First DIY of 2020! A DIY Wood Star!
It’s been a busy couple of months and to say I’m totally on track would be a fat lie! In fact I’m so behind I’m still thinking Christmas vibes. 😬Our Christmas tree is still beautiful as ever decorating a sweet little corner in my living room and guess what I haven’t even planned on taking it down yet. I’m hoping to give it another week since this year we put it up only a few days before Christmas. Have you taken yours down yet or am I the only one stretching this one?
Okay 😊 today’s post is dedicated to these wooden stars. Even though it was meant to be one star I ended up with 4 variations of this star because I couldn’t decide on one. I would like to also credit my friends from hometalk for this idea and wood and sawdust for helping me nail all those crazy wood angled cuts.
Depending on how you decide to style your star this DIY can cost between $15 – $30 for supplies ( not including the tools )
About 30 minutes to cut pieces and assemble the star. If you choose to add a backing it’ll take about another 40 minutes.
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- 1″x2 ” ( usually sold in 6 and 8 foot lengths – I got mine at lowes )
- Gorilla Wood Glue ( here’s my favorite wood glue- https://amzn.to/35P0Tl4)
- A scrap piece of 2″x4″
- Measuring tape + Pencil
- clamp ( Here’s the clamp I used – https://amzn.to/30qjiDG )
- masking tape
- heavy duty stapler ( you can get a bostitch heavy duty stapler here – https://amzn.to/2QPNDbk )
- Miter saw ( we used our trusty dewalt miter saw. You can get it here on amazon –https://amzn.to/387NxSy)
For Succulent Star –
- succulents ( amazon sells a cute variety of 14 succulents for super cheap here – https://amzn.to/2Tj7H7E )
- hot glue
- balsa wood for backing
- optional – wood stain
- sand paper
For Christmas Ornament Star –
- small Christmas ornaments
- balsa wood for backing
- optional- Wood Stain
For Moss Candle holder –
- 3 pillar candles
- moss ( Here’s some moss that looks pretty close to what I used – https://amzn.to/2tj9Zt1 )
- plywood + jigsaw ( to make the backing for the star )
For Star Lantern –
- light socket kit ( Here’s the type of light socket I used – https://amzn.to/35SbdbY )
- white spray paint
- plaster of paris (to seal holes)
- drill with hole saw
Okay Let’s do this! If you’re more into video tutorials you can check out the video version to this tutorial here.
Step 1: Measure an cut!
Start by marking and cutting your 1″x2″ into 10 inch pieces. You’ll need a total of 10 separate pieces to create a star.
Here’s what they should look like at this point.
Step 2: Creating a Jig! What’s a JIG??!
Okay for this next step you’ll need to make a jig. It’ll go on your miter saw to help get the right angled cut on your wood pieces.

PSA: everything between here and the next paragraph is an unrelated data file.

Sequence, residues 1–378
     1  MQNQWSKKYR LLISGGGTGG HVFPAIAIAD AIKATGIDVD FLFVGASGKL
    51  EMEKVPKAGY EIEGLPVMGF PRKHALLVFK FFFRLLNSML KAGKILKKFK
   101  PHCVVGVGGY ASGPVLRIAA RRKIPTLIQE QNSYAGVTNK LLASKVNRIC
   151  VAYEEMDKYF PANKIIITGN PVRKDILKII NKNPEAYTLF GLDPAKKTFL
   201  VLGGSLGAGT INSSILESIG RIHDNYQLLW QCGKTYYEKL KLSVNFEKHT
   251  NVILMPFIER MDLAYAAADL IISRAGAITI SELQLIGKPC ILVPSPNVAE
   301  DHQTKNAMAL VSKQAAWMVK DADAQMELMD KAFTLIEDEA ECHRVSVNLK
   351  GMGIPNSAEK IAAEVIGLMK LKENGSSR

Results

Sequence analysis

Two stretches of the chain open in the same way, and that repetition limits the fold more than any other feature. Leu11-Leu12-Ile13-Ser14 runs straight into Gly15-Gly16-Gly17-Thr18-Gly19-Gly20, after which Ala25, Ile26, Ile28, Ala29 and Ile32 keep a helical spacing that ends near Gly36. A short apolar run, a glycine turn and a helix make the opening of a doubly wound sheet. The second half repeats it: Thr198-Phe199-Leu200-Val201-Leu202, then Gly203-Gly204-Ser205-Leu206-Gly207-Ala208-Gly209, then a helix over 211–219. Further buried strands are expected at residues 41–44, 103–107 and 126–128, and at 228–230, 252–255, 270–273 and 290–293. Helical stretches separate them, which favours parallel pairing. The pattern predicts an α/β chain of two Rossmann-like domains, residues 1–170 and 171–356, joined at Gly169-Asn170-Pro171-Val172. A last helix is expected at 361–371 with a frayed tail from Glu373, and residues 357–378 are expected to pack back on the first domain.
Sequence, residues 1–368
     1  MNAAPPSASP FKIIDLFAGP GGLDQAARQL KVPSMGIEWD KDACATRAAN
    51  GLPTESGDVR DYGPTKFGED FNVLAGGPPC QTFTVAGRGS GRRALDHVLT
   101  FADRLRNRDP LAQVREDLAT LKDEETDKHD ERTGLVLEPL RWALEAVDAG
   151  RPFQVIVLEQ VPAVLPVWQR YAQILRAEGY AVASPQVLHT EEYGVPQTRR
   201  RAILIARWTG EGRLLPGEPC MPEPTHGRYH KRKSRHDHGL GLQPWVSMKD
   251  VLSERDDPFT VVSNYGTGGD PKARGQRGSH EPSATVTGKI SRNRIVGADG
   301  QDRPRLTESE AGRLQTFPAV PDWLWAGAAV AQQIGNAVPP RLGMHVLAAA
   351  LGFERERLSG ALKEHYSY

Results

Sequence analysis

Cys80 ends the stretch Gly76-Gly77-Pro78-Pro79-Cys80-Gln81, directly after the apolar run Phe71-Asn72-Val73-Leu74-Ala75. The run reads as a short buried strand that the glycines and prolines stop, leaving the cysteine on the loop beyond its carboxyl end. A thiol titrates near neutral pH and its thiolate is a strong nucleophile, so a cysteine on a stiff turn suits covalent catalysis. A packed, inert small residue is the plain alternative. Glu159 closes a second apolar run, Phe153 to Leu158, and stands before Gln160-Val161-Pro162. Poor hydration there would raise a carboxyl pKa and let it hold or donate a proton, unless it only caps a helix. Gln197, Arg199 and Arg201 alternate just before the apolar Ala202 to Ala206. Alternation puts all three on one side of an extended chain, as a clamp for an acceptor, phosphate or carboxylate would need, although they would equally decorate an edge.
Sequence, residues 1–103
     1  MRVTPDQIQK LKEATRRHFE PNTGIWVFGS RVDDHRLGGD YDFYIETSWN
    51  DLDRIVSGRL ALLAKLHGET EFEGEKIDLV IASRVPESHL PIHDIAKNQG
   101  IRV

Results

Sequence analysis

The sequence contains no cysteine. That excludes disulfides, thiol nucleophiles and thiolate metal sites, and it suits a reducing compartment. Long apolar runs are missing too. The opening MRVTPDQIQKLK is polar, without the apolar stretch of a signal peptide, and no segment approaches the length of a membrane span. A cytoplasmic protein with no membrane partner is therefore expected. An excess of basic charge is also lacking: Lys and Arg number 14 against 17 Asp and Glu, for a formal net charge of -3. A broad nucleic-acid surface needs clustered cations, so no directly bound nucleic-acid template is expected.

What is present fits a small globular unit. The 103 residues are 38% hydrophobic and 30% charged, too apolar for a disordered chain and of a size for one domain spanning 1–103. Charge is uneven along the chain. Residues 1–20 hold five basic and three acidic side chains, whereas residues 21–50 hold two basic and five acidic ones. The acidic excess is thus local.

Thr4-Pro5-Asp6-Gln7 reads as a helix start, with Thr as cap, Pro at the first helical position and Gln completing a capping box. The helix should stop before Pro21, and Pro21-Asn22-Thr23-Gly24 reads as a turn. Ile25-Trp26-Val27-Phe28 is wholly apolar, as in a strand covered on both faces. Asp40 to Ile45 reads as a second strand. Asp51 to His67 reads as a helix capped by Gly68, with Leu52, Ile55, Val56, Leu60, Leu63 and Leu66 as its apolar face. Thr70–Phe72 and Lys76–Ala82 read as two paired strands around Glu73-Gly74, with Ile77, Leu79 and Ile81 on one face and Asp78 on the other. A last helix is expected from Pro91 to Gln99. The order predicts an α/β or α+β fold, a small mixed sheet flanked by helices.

Wikipedia says a jig is : A type of custom-made tool used to control the location and/or motion of parts or other tools.
This tool will help guide and hold your tiny wood pieces in place to get the right cut with your miter saw. It’s actually really easy to make a jig! All you’ll need for this is a 2″x4″ and a clamp.
Set your miter saw to 45 degrees. Then clamp your 2×4 into place before cutting it at a 45 degree angle. That’s it!! Don’t take the clamp off. You have now made your own jig. Congrats! 😬
By leaving the 2″x4″ clamped to your miter saw you can now use it a as guide to cut your wood pieces.
Step 3: Cutting Your Wood at 18 Degrees!
This next step is important. Set your miter saw to 27 degrees. ( on the left side of the zero) NOT 18. Lay your 1×2 against the 2×4 and be sure the ends at the top line up ( like photo below).
Hold your 1×2 snug against the 2×4 and cut it at this angle. Please be cautious it’s a pretty tight cut. If you’re not sure about using a miter saw please have someone experienced do it for you. I’m honestly to scared to use it especially with angled cuts so I had my hubby do these cuts for me.
In more detail about this angled cut… If you’re wondering why you can’t just set the dial to 18 degrees and cut your wood pieces it’s because it won’t actually give you an 18 degree cut. 😑 Confusing right? An 18 degree cut is actually impossible to do on a miter saw without a jig. That’s why we made a 45 degree jig. When you set your dial to 27 and use the 45 degree jig as a guide you’ll get an 18 degree cut because 45-27+18 . LOL! I wish I was this smart but, I learned all this from Chris on wood and sawdust. I love his channel! It teaches you everything you need to know about cutting angles in wood.
Do this to all the pieces on one end. Photo below shows how all the pieces look like after we cut them. This was literally the hardest part of the project. Now it’s all easy stuff!
Step 4: Cutting a 36″ Degree angle!
Okay now set your miter saw to 36 degrees ( on the right side of the 0). Lay your wood pieces against the fence of the miter saw and cut the flat end of your wood pieces at 36 degrees. If you want to make your star smaller this is when your would shorten them ( while cutting the 36 degree angle).
Unfortunately it’s really hard to get the 18 degree cut with really small pieces of wood because you come so close to the saw. That’s why you need your 1×2’s to be at least 10 -12 inches in length. I ended up cutting my wood pieces down an additional 2 inches while cutting the other end at 36 degrees making them a total length of 8 inches. Feel free to ask questions in the comments if you’re confused. 🙂
Here’s what each piece of wood looks like once cut. The 18 degree cut is on the left and 36 degree is on the right.
Step 5 : Assembling your star!
Use some sand paper to clean up the edges on the cuts. This will give you a cleaner finish between the seams.
Than glue all the 36 degree angled cuts together and tape them with masking tape.